In a recent longform article for The Wilson Quarterly called “Nowhere to Turn,” Northwestern University in Qatar journalism graduate J. Zach Hollo and his colleague Xiran Liu report on the several months they spent following 24-year-old Sarun Chhetri.
Chhetri is a Nepali cab driver who has spent the last four years in Qatar, working to support his mother, wife and two children back home.
Like many of his compatriots, Chhetri is proud to be able to send money to Nepal to pay for his family’s house, utility bills, children’s schooling and other expenses.
But he also sometimes regrets the life choices he’s made. Hollo writes:
After living away from his family for four and a half years, and spending much of that time gazing out at black pavement, (Chhetri) no longer thought of the world in sentimental terms.
More clearly than before, he understood the reality of his situation, that half a decade of his youth had been spent driving a cab in a country more than 2,000 miles from his home.
He had a son who barely knew him, a mother in declining health, a wife who slept without him, a family who depended on his income to survive.
“Spending your youth here and going home an old man is no life,” he told me later.
He said he regretted getting married young, that he did not process the fact that by doing so, three lives would soon be financially dependent on him.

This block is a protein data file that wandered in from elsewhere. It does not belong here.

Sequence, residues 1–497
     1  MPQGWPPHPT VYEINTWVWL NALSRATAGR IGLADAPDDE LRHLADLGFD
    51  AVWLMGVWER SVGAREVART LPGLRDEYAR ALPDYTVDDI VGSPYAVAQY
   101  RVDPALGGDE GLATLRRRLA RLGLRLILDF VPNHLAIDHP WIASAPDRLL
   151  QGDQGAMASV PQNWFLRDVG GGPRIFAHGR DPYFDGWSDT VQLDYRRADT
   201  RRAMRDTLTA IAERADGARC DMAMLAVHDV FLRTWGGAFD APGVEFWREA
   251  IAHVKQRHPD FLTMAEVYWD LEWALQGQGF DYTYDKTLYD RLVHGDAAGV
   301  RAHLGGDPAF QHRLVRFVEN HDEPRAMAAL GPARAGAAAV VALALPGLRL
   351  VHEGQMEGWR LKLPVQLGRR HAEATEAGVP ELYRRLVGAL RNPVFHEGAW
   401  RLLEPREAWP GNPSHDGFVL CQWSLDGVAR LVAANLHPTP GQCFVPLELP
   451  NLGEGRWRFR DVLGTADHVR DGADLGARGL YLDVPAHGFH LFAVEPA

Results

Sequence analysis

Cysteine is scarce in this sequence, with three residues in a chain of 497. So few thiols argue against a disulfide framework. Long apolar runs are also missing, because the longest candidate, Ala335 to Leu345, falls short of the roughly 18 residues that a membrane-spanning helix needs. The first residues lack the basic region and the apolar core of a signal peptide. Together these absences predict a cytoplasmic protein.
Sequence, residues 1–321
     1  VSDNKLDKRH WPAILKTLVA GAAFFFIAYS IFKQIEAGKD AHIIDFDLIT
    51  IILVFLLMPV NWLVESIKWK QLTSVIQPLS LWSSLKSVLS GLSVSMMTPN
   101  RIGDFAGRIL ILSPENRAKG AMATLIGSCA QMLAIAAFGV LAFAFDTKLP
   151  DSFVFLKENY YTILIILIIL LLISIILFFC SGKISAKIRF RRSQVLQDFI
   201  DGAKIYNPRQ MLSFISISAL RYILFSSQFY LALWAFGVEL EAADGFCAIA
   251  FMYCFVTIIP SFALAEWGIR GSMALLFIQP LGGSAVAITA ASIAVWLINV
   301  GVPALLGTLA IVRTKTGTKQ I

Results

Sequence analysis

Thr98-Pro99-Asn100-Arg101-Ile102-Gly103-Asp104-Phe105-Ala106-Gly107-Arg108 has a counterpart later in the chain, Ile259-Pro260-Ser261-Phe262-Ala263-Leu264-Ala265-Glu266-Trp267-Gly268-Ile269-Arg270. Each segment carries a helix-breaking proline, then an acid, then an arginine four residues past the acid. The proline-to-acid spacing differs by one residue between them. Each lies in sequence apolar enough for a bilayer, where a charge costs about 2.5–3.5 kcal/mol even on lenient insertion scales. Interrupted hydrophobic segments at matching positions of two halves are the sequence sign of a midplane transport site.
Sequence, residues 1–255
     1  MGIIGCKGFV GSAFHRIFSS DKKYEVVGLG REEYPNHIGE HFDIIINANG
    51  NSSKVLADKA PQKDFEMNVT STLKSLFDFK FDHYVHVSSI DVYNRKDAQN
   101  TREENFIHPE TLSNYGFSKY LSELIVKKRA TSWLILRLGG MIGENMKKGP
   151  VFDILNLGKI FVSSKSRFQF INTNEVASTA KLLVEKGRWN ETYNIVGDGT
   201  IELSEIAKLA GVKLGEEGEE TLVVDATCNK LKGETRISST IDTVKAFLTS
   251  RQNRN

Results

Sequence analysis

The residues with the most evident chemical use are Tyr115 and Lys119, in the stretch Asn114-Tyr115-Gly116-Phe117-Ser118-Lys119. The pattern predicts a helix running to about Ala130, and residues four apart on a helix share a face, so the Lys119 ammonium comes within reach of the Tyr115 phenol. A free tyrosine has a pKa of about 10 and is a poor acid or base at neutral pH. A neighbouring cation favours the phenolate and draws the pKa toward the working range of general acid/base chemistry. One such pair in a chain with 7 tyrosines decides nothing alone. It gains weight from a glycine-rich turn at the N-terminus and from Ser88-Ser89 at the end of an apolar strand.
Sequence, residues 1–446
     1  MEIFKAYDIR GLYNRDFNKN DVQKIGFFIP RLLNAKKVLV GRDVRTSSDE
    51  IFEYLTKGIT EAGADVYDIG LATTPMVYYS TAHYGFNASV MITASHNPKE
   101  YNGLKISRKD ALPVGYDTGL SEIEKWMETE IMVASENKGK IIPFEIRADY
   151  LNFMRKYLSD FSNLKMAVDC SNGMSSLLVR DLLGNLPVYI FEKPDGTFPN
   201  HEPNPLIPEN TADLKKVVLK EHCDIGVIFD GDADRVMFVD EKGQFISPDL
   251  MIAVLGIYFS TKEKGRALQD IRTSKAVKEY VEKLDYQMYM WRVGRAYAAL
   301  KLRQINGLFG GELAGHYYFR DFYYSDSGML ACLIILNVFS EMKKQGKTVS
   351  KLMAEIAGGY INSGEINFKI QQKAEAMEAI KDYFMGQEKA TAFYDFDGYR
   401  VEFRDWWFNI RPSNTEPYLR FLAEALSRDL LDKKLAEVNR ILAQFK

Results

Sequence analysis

He did not think ahead and see that farming his property would never earn enough money to pay the bills and put food on the table, and that he would be marooned indefinitely.
“I wish I would have lived for myself for a while. I could have travelled and worked somewhere I wanted,” he said. “Now, when I go home, my family is happy to see me at first. But after about three months, they get stressed because I’m not earning a salary, and they want me to go back to Qatar.”
To be sure, the money Nepalis make while working in Qatar and other Gulf countries has gone a long way in improving the nation’s economic outlook. Some 10 percent of the Asian country’s population – 2.2 million people – now live and works outside of Nepal, Hollo reports.
“The remittance pay they send home constitutes one-fourth of Nepal’s gross domestic product. Thanks in part to this injection of international revenue, Nepal is now growing at an annual rate of almost 4 percent.
Over the past two decades, the percentage of Nepal’s population that lives on less than $1.25 a day has dropped from 68 percent to just under 25 percent, according to data from the United Nations.”
But that growth appears to have come at no small cost, especially for people like Chhetri, who works for Al Afdhal Transport Co., which does not always provide a steady paycheck.
Because of this, Chhetri must think long and hard before even going to see a movie on his day off. Hollo writes:
“Movies were expensive in Doha, usually at least $11.
Whenever drivers complained of boredom, their boss chided them.
‘You are not supposed to have fun here. You are only supposed to work and send money to your families. When you go home to visit after a few years, then you can think about having fun.’
(Chhetri) knew he might never end up going to the movie with his friends. He knew it was a bad idea anyhow, since his company could stop paying him at any time, and he needed every penny he could muster.
But he liked having something to look forward to, something to plan for other than the endless destinations of customers. He wanted to escape, ever so briefly, from the road and its tendency to suck you down a drain of emotionally exhausting thoughts.”
Read Chhetri’s whole story here.